[00:25:19] Steve Weisman: One, and I saw this was one that was going around to individuals was a ransomware strain with a Star Trek theme and it would use all of this Star Trek jargon telling you that you had become a victim of ransomware. Once you pay, if you paid the ransom, Mr. Spock would come on and he would give you the key. But I’ll tell you, I was working over the summer with a company that deals with ransomware for large corporations and what happened was the person in this company, he was representing a client. They have been hit with ransomware and this guy contacts the criminals and said, “Okay.” First, they tried to negotiate, and you sometimes you can, the ransom but then said, “We need to see you show some good faith. So, give us the key to unlock some of our data so we can know to trust you.”
So, the criminals gave them the key, it didn’t work. So, the security people then told them this is not working and at that point, the criminals, “We are so embarrassed. And let me check with our tech team.” And of course, they checked with their tech team and tech support and got back, “Okay, try this key,” and then that key did work, but they really are quite organized and this is a business for them. So, if they’re going to continue doing ransomware, they have to show that they’re giving a little support technically.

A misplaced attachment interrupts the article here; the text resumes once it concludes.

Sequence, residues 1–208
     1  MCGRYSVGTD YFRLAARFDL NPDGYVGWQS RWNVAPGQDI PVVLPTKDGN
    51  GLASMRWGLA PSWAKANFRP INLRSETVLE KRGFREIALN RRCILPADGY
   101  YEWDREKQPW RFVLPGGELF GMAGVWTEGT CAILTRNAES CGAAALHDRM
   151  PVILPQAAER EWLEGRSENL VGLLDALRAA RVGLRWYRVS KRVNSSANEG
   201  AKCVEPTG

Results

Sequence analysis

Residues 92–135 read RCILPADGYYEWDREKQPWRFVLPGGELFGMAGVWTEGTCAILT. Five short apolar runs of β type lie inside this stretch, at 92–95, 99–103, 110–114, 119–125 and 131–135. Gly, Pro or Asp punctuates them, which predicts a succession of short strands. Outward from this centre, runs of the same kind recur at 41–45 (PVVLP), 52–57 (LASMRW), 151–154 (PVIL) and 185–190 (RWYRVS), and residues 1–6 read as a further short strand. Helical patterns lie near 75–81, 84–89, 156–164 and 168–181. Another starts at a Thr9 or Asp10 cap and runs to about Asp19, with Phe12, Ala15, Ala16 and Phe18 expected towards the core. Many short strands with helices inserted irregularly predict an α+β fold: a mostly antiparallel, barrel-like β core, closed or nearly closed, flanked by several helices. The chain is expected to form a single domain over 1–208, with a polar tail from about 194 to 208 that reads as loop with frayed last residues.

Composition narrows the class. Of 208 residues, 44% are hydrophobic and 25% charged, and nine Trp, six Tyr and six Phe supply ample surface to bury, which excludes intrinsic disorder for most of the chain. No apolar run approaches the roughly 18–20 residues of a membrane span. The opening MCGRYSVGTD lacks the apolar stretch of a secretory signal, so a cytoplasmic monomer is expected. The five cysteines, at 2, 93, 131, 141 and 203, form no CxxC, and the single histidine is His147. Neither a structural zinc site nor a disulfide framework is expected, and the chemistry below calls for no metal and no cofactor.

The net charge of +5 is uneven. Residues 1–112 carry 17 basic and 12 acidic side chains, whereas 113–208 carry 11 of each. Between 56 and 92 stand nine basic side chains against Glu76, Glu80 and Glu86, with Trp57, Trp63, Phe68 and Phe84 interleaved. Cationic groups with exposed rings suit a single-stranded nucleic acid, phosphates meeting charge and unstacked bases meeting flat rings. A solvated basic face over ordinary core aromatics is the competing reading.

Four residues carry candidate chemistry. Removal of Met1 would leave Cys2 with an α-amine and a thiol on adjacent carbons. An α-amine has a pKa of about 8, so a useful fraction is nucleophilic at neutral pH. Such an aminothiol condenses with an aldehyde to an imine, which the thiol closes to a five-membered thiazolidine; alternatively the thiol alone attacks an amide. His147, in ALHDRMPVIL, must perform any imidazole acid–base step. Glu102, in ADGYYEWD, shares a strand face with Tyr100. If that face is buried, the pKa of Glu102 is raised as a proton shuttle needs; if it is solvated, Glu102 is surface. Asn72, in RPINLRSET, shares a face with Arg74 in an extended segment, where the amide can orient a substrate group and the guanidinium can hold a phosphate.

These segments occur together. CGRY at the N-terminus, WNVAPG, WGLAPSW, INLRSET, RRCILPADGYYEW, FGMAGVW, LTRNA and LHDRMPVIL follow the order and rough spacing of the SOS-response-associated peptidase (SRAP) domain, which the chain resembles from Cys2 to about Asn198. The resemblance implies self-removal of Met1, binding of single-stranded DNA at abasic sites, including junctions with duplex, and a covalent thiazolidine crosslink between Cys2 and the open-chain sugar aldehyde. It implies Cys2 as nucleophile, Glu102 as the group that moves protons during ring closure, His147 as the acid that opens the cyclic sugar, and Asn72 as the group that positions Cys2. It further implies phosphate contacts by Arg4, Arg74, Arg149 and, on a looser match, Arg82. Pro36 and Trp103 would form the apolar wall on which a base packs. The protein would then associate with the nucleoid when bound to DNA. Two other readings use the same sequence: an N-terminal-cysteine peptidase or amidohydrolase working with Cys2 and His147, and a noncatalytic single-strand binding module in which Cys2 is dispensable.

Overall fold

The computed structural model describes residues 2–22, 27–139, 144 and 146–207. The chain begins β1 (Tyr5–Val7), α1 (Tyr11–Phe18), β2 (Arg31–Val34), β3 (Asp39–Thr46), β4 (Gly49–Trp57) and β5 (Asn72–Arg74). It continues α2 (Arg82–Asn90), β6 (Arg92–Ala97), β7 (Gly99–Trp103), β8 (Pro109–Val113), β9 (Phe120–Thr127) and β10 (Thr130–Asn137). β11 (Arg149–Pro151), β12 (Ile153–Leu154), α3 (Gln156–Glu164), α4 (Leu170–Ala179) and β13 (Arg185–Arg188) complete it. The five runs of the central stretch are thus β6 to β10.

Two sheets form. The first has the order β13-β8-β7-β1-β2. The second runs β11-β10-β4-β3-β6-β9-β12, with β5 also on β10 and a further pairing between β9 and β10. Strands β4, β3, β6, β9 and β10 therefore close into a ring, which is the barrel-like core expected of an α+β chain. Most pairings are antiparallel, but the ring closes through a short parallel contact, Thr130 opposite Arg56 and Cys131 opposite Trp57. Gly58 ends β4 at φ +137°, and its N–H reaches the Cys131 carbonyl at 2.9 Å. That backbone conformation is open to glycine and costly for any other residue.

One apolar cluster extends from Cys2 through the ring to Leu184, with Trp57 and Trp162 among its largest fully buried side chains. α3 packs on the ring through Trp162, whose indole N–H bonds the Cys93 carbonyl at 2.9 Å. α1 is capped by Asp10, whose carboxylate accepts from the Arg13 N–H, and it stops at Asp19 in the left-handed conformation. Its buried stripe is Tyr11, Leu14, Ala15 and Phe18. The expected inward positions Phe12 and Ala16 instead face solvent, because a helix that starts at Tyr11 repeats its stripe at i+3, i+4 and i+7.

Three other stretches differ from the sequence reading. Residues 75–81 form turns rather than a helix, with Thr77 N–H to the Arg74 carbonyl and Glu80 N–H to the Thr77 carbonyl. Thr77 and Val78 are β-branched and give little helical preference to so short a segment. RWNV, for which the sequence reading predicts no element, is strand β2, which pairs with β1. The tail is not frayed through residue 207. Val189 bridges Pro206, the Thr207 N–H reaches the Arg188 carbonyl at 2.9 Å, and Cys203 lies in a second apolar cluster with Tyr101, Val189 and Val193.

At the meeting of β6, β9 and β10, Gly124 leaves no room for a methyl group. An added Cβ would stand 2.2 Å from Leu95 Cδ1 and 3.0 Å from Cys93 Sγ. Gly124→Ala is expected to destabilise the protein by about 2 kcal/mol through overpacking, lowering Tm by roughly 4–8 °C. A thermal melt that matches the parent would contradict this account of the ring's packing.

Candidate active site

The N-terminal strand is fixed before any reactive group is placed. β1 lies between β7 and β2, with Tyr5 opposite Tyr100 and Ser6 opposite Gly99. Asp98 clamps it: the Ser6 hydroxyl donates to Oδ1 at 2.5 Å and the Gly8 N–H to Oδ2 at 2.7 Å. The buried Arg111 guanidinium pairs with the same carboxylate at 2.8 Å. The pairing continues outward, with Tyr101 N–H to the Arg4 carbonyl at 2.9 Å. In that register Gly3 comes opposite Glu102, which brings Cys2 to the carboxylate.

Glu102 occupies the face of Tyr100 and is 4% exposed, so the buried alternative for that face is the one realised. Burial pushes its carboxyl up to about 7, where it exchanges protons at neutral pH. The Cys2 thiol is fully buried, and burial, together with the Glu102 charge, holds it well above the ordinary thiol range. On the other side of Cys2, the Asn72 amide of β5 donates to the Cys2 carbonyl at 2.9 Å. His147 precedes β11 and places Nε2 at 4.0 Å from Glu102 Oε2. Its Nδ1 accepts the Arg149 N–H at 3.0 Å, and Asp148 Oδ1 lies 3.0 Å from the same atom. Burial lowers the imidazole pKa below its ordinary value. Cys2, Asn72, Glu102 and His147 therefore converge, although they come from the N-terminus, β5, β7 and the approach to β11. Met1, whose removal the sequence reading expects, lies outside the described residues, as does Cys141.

[00:26:59] Andrew Rafal: Yeah. When that 60 minutes report I saw earlier this year when it hit the municipalities and a lot of hospitals, you know, 40,000, 50,000, they paid it, a lot of them had the insurance to cover it, and then they gave back the data. So, you hit it right on the head there. If these criminals did the ransom and then just took the money and ran, well, then they’re shooting themselves in the foot there. So, it sounds like they’re pretty good business planners in regards to making sure that their business is going to excel.
[00:27:29] Steve Weisman: Yeah. You know, you mentioned something that clicked off something in my mind and that is about the infamous because you were talking about insurance, the business email compromise and this is a multi-multi-billion dollar scam around the world. The gist of it is it affects big but also medium and small businesses. And someone gets an email that appears to come from the CEO or someone else to wire money into an account. It’s dealing maybe it’s a customer who’s changed their account number, whatever. There’s generally it looks good and it’s usually because the corporation has been hacked, the email account has been hacked of the CEO. So, they even know perhaps when the person is on vacation, so they’re not even going to be in the building when they send the email but here’s one of the things and it’s kind of interesting.